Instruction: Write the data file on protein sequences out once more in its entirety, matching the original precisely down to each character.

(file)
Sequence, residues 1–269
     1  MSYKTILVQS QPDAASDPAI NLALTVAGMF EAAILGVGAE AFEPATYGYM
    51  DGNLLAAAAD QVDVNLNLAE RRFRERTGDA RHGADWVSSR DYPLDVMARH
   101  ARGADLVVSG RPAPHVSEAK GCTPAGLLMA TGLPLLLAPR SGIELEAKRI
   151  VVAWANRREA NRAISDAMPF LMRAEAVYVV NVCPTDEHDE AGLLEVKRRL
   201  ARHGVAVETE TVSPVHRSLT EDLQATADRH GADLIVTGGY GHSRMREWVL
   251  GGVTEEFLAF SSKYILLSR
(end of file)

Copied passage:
Sequence, residues 1–269
     1  MSYKTILVQS QPDAASDPAI NLALTVAGMF EAAILGVGAE AFEPATYGYM
    51  DGNLLAAAAD QVDVNLNLAE RRFRERTGDA RHGADWVSSR DYPLDVMARH
   101  ARGADLVVSG RPAPHVSEAK GCTPAGLLMA TGLPLLLAPR SGIELEAKRI
   151  VVAWANRREA NRAISDAMPF LMRAEAVYVV NVCPTDEHDE AGLLEVKRRL
   201  ARHGVAVETE TVSPVHRSLT EDLQATADRH GADLIVTGGY GHSRMREWVL
   251  GGVTEEFLAF SSKYILLSR